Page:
Balancing Priorities: A collection of essays on India
Comment of the Day

February 23 2012

Commentary by David Fuller

Balancing Priorities: A collection of essays on India

My thanks to a subscriber for this detailed and farsighted report from Deutsche Bank. Here is the opening from their "Concluding thoughts" section:
10 signals that could make for a second push

In this collection of essays we have gone over a host of issues that highlight the Indian economy's considerable prospects and yet noteworthy challenges. India has recently undergone a phase of discontent, fueled by high inflation, slowing investment and growth, and a slowdown in reforms. What needs to be kept in context is that despite the slowing down of growth, it remains one of the fastest expanding economies in the world, with considerable investor interest in its potential. That the economy can deliver attractive returns is well accepted; the question is if the recently observed slowdown in momentum can be arrested in an expeditious and sustainable manner.

What would make us believe that the engine of growth that roared mightily from 2003 to 2007 is about to get a second burst of acceleration? Below we list ten key areas where changes are needed; we believe that movement in these areas would complement India's demographic dividend and entrepreneurial zeal, likely unleashing an extended period of stable and inclusive prosperity.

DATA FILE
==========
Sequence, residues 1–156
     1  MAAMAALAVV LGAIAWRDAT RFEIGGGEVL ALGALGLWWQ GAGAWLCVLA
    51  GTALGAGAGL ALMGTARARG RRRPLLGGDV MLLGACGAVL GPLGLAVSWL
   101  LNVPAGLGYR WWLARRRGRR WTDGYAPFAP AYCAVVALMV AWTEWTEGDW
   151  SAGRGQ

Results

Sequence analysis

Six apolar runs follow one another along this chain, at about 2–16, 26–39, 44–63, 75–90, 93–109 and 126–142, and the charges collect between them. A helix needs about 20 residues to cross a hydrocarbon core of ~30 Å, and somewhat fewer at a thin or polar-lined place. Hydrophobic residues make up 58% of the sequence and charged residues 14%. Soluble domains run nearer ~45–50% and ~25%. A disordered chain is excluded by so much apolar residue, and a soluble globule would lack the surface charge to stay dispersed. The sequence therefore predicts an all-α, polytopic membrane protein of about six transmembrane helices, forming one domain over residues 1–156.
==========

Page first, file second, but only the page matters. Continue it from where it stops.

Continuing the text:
1. Improved governance. We have observed popular discontent about corruption and inefficiency in recent years, calling for more transparency and effectiveness in decision making processes in all walks of life. Institutional (an empowered office of ombudsperson) and technological (database for subsidy disbursal, universal identification, e-governance) reforms would help in this area, both in terms of enhancing faith and efficiency in day-to-day transactions of individuals and businesses.

David Fuller's view It is all about governance, opening up the country to FDI, and unleashing India's entrepreneurial spirit. Most educated Indians know this and they do not have to reinvent the wheel. Just follow the best policies of other emerging economies which have succeeded.

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